3. Vietnam Logistic and Support Medal. – (VLSM) Entitled.
4. Australian Service Medal. (ASM) Entitled
5. Australian Defence Medal. (ADM)Entitled.
6. U.S Navy and Marine Corps Commendation Medal, with a "Combat V clasp. Not entitled.
7. Republic of Vietnam Campaign Medal. (RVCM) Not entitled.

Concerns were raised by individuals in Australia and the Phillippines, regarding Australian military medals worn by Booth. He also falsely claimed service on HMAS Hobart, a Royal Australian Navy Destroyer, in June, 1968. ANZMI are in possession of signed statements of fact in regards to lies told by Booth regarding Hobart service, at the time he claims. .

It appears that the medals he wears are not consistent with his actual RAN service. In particular, the VM and the VLSM cannot be worn together. You are issued with one or the other. He has been warned in writing several times by RSL Sub Branch Executives about not conforming with medals protocols and wearing medals he is not entitled to. Booth also made other comments to others about his alleged RAN service that are false.

ANZMI then researched the public records, regarding the Royal Australian Navy career of Ian Booth, as he was known then, and arrived at the same conclusion. He has since changed his first name to "Iain."

ANZMI then communicated with Mr Iain Booth and asked him for a summary of his Naval service and the medals that he wears. His response, inter alia, is below -;

I readily concede that there has been an error in my medal issue and that the VLSM cannot be issued with the Vietnam Medal, but the fact that my medals were all issued and named to me is not my error and I therefore feel that I am entitled to wear them. It would be less than prudent to knowingly wear medals that were supposedly not issued together (unless in error) as this would doubtlessly bring into question my entitlement.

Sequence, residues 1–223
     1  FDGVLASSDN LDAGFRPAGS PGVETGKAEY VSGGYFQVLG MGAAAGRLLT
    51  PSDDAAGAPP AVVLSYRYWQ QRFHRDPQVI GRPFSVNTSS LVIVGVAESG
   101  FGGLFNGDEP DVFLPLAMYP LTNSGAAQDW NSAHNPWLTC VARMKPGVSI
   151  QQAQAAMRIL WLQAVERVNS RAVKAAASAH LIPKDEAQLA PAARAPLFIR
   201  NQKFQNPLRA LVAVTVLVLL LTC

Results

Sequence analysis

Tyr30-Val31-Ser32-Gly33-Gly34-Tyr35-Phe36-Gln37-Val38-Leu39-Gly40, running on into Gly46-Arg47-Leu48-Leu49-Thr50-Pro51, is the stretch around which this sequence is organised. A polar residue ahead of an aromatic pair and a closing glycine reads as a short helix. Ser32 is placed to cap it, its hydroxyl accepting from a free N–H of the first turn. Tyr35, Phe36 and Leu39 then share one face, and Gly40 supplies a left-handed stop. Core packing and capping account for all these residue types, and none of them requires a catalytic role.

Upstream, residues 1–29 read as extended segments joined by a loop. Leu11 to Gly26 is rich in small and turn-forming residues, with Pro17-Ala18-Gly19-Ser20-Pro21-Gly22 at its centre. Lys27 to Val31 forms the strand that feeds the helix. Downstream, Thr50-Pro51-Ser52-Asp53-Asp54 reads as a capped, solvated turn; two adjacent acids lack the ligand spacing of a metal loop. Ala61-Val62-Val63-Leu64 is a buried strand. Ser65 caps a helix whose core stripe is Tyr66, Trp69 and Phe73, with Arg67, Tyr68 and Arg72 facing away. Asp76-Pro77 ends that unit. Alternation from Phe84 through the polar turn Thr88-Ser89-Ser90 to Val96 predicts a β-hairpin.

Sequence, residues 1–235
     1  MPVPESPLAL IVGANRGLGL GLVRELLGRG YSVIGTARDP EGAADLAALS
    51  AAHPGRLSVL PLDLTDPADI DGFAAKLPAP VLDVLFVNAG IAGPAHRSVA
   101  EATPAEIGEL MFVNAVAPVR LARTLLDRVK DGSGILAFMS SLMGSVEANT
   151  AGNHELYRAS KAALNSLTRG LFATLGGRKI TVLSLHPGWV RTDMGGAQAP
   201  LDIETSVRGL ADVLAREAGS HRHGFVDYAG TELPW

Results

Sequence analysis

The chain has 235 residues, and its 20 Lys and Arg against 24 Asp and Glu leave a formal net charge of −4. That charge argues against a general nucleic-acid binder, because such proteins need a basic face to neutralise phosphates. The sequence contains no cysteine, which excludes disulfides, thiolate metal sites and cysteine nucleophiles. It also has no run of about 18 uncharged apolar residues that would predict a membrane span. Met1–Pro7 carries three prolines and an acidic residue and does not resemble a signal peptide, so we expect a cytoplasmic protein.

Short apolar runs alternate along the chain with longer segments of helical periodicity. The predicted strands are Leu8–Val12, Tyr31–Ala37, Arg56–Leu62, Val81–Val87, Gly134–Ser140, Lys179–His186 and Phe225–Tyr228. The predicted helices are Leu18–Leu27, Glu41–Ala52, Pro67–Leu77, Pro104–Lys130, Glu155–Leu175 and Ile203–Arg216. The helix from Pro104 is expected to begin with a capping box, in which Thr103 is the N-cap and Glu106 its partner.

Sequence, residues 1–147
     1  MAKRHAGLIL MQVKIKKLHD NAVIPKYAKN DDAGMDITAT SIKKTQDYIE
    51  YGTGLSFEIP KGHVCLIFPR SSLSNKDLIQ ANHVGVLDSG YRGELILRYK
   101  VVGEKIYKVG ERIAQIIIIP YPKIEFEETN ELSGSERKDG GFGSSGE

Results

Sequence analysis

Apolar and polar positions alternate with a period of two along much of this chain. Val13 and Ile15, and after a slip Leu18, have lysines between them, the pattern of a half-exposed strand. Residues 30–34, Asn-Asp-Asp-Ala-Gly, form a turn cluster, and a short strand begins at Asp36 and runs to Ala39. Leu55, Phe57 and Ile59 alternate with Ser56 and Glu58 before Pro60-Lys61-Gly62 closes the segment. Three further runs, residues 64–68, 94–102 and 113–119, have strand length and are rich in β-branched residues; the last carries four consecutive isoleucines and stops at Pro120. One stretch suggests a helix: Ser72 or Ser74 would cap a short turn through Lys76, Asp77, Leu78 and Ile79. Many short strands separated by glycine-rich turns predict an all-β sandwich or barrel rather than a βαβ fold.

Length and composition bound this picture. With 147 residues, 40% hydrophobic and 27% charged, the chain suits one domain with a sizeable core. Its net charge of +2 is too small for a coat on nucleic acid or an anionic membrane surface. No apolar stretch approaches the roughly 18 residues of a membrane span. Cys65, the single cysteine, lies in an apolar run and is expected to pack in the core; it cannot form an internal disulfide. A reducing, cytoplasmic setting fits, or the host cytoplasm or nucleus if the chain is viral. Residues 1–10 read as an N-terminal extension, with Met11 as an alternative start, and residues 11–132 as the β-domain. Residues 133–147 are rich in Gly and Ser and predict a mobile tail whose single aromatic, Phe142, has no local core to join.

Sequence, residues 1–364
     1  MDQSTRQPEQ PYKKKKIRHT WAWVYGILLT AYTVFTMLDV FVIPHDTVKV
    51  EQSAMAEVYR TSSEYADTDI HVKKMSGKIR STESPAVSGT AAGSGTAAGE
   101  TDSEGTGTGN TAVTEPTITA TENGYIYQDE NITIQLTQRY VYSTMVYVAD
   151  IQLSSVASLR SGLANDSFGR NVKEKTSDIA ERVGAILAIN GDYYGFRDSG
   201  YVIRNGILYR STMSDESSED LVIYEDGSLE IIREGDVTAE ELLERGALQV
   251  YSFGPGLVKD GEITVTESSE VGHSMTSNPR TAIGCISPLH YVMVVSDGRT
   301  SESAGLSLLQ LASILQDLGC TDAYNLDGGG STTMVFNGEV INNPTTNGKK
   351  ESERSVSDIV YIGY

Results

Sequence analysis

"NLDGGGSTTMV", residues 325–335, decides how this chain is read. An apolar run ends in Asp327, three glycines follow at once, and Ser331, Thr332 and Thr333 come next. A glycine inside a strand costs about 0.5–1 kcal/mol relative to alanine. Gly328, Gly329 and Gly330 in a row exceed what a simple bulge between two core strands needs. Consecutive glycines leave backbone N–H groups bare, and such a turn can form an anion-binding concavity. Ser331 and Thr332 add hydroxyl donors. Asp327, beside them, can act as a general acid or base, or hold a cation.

Following that idiotic statement, we believe that Booth not only lives in another country, he lives on another planet.

We should all be glad that the Department of Defence did not send him a Victoria Cross in “error”. With Booth’s view on medals protocol, he would have had that medal court mounted and worn as well, claiming that he is entitled to wear it, as "it was not his error!"

The three medals that Booth and ANZMI know that he is not entitled to wear, are the Vietnam Medal (VM), the Republic of Vietnam Campaign Medal. (RVCM) and the United States Navy and Marine Corps Commendation Medal, with clasp.

1. The Vietnam Medal.


Booth2 2018 02 08



Qualification requirement
Australia

Qualifying service for the Vietnam Medal includes:
• 28 days in ships or craft on inland waters or off the coast of Vietnam.
• One or more days on the posted strength of a unit or formation on land.
• One operational sortie over Vietnam or Vietnamese water by aircrew on the posted strength of a unit.
• Official visits either continuous or aggregate of 30 days.
• One day or more by members of accredited philanthropic organisations attached to Australian forces in an official capacity for full-time duty. between 29 May 1964 and 27 January 1973.


Booth3 2018 02 08


2. The Republic of Vietnam Medal.

Australia

The Republic of Vietnam Campaign Medal was awarded to Australian military personnel for service in South Vietnam during the period 31 July 1962 to 28 March 1973. The requirements for the award are: at least 181 days service, either continuous or aggregated, unless killed on active service (KIA); or wounded in action (includes psychological injury)[9] and evacuated (medically evacuated other than being wounded does not meet requirement for medal); or captured and later released or escaped.